EMOTIONAL INTELLIGENCE AND DECISION-MAKING OF FEMALE STUDENTS OF SOCIAL WORK IN THE IOWA GAMBLING TASK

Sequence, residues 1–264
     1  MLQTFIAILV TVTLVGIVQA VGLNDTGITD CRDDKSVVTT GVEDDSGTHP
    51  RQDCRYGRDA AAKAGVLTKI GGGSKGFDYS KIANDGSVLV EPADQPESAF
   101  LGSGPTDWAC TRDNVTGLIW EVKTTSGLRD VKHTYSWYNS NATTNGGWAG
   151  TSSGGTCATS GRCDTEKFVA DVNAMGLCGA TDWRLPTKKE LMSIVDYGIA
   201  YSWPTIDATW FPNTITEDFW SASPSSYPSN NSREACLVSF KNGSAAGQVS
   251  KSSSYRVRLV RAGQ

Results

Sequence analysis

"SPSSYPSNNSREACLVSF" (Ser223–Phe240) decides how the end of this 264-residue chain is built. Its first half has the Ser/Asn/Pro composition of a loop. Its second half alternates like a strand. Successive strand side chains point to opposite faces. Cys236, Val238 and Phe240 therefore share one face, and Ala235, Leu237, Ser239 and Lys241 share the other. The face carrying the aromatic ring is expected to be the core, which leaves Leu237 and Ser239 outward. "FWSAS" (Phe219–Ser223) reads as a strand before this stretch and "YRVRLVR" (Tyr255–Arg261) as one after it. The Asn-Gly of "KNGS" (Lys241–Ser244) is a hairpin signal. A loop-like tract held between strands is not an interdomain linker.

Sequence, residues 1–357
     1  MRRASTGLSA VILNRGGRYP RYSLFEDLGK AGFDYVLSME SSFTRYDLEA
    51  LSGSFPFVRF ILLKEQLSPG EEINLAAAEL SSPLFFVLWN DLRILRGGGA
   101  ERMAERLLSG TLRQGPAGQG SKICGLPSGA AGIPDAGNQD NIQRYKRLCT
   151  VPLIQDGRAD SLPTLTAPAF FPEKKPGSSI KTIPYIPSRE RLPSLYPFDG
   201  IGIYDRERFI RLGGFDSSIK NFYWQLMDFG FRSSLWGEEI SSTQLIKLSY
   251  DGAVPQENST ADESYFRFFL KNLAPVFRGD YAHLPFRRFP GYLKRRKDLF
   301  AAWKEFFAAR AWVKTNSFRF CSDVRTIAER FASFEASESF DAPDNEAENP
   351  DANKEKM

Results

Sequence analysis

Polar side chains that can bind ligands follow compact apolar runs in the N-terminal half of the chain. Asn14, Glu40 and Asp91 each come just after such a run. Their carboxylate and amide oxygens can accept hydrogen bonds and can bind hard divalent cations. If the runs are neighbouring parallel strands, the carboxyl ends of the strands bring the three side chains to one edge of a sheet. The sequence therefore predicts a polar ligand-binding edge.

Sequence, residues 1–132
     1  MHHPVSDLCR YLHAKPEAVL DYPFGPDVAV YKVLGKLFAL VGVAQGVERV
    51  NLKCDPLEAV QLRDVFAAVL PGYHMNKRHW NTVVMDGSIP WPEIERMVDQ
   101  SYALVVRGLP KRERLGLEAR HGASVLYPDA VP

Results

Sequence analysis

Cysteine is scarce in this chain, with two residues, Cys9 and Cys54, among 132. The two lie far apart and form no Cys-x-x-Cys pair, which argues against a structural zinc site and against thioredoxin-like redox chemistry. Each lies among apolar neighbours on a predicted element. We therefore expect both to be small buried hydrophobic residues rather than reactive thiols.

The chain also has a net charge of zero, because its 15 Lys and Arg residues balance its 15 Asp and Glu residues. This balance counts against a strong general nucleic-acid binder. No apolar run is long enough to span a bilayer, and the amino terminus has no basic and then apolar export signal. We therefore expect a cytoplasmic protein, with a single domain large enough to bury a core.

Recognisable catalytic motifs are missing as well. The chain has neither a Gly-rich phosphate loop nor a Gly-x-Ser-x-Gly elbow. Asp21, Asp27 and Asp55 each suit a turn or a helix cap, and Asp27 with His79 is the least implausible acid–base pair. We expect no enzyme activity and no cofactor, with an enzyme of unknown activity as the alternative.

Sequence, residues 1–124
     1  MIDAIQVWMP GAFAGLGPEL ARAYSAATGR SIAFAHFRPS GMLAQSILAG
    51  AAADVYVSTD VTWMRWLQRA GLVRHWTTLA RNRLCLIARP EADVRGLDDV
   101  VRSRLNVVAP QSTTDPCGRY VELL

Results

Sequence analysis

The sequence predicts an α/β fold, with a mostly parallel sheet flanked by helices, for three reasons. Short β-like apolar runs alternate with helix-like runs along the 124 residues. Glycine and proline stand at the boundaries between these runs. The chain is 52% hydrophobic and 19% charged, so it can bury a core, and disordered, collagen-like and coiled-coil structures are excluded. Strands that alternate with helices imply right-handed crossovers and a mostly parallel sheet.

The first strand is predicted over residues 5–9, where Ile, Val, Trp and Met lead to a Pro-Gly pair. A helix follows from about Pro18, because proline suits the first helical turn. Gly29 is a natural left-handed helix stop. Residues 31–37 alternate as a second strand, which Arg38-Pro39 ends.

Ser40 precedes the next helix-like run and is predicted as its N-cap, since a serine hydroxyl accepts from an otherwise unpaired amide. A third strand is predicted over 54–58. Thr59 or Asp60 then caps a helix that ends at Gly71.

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The aim of the research was to verify the correlation between emotional intelligence and decision-making in the Iowa Gambling Task (IGT) conducted on a non-clinical sample. Our research is based on neuropsychological results that show the functional link between the cortex areas processing emotions and managing decision-making. The somatic marker hypothesis describes a decisional process through marker arising during bioregulation. The bioregulative processes have the form of emotions and feelings, whereas it is assumed that the somatic marker hypothesis overlaps with emotional intelligence. The research sample of 174 female students was administered the electronic form of the Iowa Gambling Task and the Emotional Intelligence Test (EQTM). A positive relation was found between emotion awareness and the number of advantageous card choices in the IGT. At the same time a negative relation was found between the present situation as an EQTM zone and the number of advantageous choices in the IGT. The results interpretation follows the use of emotions as information in the decision-making process in complex situations and uncertainty.
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